On Friday (15 March 2013) I had the privilege of appearing with the NSW Gay and Lesbian Rights Lobby at the Legislative Council inquiry hearings into state-based same-sex marriage laws. While the Lobby’s co-convenor Justin Koonin gave some brilliant introductory comments on behalf of the Lobby and gay and lesbian communities more generally, I was able to give an introductory statement outlining how the issue of marriage equality affects me personally (and of course Steve too, who attended in the public gallery).
Below is the text of the statement which I read out at the inquiry hearings (I will provide a link to the published transcript of the full proceedings, including questions and answers, when they are published on the NSW Parliament website):
NSW State Same-Sex Marriage Inquiry Introductory Comments
I have been asked to appear on behalf of the Lobby as both a Committee member, and as someone who is directly affected by whether state-based same-sex marriage is introduced in NSW.
My fiancé Steve and I have been together for more than four and a half years, and we have been engaged for more than 3. Needless to say, he made me the happiest man alive when he said yes when I asked him to marry me in January 2010. And yes, I did get down on bended knee to propose.
However, unlike most engaged couples, we knew that, because of the 2004 federal Marriage Act amendments, our prospective wedding would not be legally recognised in our own country, and that the federal government did not issue Certificates of Non Impediment to get married overseas.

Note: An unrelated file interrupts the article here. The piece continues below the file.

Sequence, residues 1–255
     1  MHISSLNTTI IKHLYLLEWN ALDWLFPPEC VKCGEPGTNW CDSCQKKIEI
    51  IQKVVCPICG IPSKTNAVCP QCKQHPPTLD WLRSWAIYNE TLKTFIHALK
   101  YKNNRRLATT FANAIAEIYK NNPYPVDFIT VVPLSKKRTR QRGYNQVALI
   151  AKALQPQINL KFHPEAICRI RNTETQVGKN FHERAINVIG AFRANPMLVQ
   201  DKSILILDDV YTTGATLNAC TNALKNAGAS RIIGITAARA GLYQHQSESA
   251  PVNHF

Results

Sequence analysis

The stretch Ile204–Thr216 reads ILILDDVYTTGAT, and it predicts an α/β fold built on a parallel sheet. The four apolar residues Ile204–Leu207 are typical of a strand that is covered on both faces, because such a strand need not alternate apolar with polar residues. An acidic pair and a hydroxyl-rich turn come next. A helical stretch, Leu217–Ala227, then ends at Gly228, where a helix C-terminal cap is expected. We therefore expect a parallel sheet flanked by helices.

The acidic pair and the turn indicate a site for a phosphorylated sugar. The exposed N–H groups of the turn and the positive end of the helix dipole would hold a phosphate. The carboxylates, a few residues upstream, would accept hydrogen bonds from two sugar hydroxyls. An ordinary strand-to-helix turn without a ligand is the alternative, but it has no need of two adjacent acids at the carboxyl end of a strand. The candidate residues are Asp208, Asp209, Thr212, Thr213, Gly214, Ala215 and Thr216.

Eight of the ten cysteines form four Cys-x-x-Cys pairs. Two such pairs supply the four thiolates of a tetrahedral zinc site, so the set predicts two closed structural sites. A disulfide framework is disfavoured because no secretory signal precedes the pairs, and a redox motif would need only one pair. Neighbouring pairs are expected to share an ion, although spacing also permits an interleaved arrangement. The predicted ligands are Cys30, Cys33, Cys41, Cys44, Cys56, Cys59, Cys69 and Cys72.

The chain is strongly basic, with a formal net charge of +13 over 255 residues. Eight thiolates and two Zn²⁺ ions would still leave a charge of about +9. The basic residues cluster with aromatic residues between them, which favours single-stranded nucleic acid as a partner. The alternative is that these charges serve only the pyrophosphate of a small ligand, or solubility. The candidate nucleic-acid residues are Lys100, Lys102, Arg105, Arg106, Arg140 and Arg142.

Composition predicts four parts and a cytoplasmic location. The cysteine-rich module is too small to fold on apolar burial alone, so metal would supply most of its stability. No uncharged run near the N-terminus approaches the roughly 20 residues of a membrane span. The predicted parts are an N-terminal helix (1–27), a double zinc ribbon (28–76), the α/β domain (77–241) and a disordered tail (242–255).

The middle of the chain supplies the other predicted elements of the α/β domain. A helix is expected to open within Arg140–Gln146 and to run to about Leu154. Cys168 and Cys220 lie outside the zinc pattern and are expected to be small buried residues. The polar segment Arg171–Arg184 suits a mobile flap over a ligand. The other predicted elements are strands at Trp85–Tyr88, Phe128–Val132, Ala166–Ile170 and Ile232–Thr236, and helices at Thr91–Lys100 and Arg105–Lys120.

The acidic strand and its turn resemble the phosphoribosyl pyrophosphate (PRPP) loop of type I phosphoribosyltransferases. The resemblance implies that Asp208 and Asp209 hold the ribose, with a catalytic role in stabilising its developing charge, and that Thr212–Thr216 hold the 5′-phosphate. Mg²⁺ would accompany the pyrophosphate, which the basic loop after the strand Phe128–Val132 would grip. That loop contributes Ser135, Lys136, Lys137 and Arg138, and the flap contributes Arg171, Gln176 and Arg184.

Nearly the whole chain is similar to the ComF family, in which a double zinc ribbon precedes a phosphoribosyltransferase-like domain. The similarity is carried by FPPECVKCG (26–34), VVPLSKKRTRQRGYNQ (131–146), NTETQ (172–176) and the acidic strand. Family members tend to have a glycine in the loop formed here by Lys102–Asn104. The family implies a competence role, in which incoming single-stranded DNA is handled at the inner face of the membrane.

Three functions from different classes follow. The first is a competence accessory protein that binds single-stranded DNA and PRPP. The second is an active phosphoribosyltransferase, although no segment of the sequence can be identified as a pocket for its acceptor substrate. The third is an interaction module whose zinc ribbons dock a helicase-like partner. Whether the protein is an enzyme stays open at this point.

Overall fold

Since then, we have been actively playing the ‘waiting game’’: waiting to see if the ALP National Conference would agree to marriage equality, waiting to see how federal parliament would vote, and now waiting to see whether NSW will introduce same-sex marriage – more than 3 years since Steve said “Of course I will”, we are still waiting to see whether we can both legally say “I do.”
Of course, we cannot and will not wait forever. Fortunately, CNIs can now be issued, so getting married in another country is a possibility. This could even include New Zealand, after this week’s successful 2nd reading debate vote there.
But getting married in another country is significantly more expensive, means that many family members and friends would not be able to attend our special day, and still would not be legally recognised at home.
Please don’t misunderstand me – we are glad to have more choices than we did back in January 2010. But those choices come with costs – legal, financial, social, and emotional. Steve and I, and thousands of other same-sex couples across NSW, are confronted with these negative consequences right now.
Critics of marriage equality often claim that its introduction would be a form of social engineering. To the contrary, I submit it is social engineering to determine that only people of a particular sexual orientation, or indeed gender identity or sex, have certain rights.
Surely it is an arbitrary and intrusive level of state intervention for governments to determine on these grounds whether a couple can get married under law, how long they might have to wait, whether they have to go overseas, and as a result, how much it costs, or even who can attend.
These are the real world consequences of the upcoming decision by NSW parliament on whether its same-sex attracted citizens can get married.